# Rearranging columns of an "almost diagonal" matrix

I have a square matrix that looks like this: $$\left(\matrix{ 0 & 0 & 17 & 1 \\ 2 & 0 & 1 & 19 \\ 14 & 1 & 0 & 0 \\ 1 & 25 & 2 & 0 }\right)$$

It's obvious that, if I rearranged the columns, the matrix would be "almost-diagonal", in the sense that the sum of off-diagonal elements would be minimized.

Is there a general technique for finding this "most diagonal" column arrangement on matrices bigger than, say, $10\times 10$, but smaller than around $100\times 100$?

A brute-force search over permutations of columns starts to become computationally more intensive around $10\times10$, and really becomes infeasible around $15\times15$, having $k!$ solutions ($k$ being the number of rows/columns).

• One very significant improvement you can make is to compute for each subset of $k$ of the columns the "cheapest way" to put them in the first $k$ slots. This gets your complexity down to $\mathcal O(2^n p(n))$, where $p$ is some manageable polynomial. That's still very expensive for $100 \times 100$, though. Aug 7, 2018 at 9:14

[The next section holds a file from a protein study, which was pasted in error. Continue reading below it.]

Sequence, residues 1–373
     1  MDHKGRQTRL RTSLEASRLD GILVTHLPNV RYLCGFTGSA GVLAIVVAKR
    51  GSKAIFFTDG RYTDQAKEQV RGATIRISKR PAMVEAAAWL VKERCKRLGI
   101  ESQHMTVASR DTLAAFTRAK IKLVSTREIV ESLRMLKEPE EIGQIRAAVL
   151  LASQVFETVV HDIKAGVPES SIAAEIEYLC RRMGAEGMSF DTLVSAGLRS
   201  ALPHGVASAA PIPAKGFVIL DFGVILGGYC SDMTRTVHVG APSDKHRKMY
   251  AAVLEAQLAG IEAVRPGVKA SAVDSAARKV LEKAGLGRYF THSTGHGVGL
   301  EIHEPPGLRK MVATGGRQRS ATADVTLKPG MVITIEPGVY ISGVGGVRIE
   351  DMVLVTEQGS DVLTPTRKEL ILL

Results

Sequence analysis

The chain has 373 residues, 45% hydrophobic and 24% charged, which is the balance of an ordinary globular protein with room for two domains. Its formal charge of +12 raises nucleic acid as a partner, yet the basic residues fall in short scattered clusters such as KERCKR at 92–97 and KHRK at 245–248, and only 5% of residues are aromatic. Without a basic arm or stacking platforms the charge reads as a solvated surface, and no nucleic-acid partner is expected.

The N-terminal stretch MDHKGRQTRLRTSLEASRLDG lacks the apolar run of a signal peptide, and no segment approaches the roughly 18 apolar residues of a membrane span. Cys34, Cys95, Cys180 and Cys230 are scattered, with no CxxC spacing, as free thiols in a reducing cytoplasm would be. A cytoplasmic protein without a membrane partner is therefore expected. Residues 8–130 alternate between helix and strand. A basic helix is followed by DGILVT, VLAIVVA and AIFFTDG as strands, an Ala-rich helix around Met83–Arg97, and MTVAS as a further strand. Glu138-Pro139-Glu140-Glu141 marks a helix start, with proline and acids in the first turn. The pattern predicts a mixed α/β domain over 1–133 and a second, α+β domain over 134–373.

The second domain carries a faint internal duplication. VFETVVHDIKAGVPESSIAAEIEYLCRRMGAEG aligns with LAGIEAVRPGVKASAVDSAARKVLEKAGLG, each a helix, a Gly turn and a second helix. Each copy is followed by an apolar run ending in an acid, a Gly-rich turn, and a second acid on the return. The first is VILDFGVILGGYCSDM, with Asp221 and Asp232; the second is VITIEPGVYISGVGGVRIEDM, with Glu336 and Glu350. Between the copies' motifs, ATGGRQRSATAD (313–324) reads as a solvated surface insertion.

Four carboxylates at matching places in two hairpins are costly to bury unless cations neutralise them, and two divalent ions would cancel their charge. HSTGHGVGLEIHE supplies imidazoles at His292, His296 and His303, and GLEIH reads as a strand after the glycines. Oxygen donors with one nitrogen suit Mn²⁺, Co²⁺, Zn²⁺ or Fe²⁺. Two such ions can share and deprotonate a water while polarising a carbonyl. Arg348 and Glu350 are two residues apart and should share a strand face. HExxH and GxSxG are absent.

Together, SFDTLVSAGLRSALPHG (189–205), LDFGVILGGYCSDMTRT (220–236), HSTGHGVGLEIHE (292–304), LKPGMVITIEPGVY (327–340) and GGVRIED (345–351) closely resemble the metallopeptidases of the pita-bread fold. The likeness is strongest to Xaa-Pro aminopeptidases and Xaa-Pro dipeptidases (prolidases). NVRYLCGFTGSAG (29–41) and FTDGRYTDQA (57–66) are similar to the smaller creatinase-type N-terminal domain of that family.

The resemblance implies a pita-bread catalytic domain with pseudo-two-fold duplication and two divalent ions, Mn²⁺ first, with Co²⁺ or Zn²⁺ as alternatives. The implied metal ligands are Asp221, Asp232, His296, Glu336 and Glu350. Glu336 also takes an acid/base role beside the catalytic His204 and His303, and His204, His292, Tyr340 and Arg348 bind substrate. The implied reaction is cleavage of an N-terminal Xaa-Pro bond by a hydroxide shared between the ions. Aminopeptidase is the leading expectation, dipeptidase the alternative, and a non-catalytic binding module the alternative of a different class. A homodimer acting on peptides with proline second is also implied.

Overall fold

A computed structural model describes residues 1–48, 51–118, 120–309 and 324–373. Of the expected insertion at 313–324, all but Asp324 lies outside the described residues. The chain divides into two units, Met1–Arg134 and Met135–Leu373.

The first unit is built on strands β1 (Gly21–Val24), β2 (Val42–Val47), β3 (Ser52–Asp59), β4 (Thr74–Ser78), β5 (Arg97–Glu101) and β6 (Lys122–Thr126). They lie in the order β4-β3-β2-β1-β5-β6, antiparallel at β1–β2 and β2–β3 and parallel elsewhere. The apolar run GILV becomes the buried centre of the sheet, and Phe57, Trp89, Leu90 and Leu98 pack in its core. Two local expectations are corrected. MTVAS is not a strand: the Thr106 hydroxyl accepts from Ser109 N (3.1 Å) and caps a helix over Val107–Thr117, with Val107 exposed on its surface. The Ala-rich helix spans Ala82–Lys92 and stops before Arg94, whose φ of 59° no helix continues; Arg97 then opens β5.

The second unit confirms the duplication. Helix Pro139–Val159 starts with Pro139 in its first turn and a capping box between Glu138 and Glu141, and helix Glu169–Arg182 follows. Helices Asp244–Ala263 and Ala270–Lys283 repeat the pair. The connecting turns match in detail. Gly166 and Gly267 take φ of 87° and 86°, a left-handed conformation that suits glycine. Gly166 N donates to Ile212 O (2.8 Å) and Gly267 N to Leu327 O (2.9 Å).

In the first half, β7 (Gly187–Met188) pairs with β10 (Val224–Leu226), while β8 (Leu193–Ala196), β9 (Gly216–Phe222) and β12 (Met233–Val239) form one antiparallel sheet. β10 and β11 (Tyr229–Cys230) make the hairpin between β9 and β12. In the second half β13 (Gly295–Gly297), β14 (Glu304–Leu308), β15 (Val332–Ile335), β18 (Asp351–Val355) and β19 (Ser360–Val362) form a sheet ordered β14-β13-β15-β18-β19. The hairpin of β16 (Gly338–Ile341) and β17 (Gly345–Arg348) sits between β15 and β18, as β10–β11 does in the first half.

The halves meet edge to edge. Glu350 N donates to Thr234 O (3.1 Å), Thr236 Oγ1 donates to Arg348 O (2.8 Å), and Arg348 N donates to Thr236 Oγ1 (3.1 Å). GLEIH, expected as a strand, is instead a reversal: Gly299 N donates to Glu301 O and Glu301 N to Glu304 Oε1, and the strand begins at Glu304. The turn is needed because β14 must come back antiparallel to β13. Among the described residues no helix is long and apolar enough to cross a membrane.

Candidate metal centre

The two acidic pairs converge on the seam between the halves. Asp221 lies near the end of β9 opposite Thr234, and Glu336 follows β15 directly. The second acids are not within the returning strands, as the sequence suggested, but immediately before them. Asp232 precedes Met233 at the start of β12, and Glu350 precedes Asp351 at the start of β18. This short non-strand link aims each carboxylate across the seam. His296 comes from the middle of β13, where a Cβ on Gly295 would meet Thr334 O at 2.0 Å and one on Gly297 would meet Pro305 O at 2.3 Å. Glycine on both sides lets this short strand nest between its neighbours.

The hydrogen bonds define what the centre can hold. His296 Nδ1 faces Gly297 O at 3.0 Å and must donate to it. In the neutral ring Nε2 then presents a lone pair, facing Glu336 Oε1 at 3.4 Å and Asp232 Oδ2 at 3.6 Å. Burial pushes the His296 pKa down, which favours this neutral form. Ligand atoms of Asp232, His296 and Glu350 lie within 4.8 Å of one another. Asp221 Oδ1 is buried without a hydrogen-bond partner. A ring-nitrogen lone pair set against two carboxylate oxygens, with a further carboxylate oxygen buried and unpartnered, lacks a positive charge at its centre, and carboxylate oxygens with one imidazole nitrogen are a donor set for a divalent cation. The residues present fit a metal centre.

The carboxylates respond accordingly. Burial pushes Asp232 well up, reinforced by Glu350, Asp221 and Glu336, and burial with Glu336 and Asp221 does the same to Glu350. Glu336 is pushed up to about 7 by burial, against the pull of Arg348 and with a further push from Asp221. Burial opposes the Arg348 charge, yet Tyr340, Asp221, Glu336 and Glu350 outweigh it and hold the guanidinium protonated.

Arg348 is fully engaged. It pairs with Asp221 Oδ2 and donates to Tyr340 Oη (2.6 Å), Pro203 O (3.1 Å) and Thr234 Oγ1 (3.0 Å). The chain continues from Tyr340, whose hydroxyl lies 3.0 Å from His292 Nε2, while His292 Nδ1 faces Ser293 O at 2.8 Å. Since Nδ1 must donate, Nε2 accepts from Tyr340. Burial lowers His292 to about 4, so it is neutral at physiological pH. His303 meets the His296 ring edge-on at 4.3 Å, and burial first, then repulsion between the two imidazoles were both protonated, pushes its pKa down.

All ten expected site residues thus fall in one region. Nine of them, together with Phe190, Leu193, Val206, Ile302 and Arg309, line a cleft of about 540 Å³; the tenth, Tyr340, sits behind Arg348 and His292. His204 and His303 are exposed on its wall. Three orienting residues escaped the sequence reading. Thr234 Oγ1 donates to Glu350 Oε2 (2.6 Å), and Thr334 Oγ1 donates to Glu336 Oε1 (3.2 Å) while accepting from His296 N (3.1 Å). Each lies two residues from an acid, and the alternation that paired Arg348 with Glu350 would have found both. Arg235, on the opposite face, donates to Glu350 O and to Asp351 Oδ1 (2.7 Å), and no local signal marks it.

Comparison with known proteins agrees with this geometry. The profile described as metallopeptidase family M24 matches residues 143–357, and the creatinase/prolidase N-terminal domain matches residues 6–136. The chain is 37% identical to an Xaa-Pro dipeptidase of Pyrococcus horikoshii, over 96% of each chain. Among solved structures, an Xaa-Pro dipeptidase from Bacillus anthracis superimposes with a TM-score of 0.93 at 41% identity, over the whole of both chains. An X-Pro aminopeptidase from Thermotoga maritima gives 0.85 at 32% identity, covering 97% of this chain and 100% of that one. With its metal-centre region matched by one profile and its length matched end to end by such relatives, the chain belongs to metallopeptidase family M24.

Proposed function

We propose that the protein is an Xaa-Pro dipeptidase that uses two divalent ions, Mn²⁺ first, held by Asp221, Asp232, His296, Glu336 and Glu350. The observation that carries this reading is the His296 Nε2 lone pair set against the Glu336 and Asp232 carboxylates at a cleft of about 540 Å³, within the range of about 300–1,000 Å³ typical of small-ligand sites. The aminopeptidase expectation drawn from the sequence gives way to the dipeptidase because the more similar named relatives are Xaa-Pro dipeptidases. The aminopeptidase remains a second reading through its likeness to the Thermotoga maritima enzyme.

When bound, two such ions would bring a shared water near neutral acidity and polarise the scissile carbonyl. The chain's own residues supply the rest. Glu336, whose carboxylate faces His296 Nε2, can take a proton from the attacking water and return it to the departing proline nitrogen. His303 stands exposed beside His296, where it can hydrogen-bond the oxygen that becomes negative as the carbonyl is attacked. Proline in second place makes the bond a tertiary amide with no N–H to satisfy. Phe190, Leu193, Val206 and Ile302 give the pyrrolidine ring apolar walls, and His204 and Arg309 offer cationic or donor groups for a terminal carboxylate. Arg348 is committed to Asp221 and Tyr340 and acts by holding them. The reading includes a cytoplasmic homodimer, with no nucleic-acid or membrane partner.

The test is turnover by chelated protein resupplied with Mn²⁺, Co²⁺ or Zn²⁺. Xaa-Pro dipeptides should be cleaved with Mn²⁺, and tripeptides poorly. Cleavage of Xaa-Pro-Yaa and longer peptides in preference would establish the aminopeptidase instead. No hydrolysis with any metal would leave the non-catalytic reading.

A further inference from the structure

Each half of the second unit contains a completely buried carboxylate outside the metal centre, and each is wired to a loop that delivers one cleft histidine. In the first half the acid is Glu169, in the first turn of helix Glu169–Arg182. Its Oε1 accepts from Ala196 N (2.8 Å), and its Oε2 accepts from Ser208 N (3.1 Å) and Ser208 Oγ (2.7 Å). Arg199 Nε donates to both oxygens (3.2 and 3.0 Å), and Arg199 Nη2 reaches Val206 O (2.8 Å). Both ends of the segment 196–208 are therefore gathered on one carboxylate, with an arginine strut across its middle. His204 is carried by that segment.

Translating your problem into "How do I pick $k$ elements such that I have one element from each row and one element from each column with maximal sum?" (i.e. focus on the diagonal elements, not the off-diagonal elements), we see that this becomes the assignment problem.

There are algorithms for solving this, for instance the Hungarian algorithm, which are polynomial time and thus scale a lot better than the brute force algorithm. The Hungarian algorithm specifically, is $O(k^4)$ if implemented naively, but it may be optimised to $O(k^3)$. You can read more about both implementations here.

PS. Note that assignment problems are usually phrased as trying to minimize, rather than maximize, the diagonal sum. So you will have to keep that in mind as you implement the algorithms.

• Great observation, I've actually used the Hungarian algorithm before in an unrelated task. I'll mark this as the answer if no others come in soon. Aug 7, 2018 at 9:26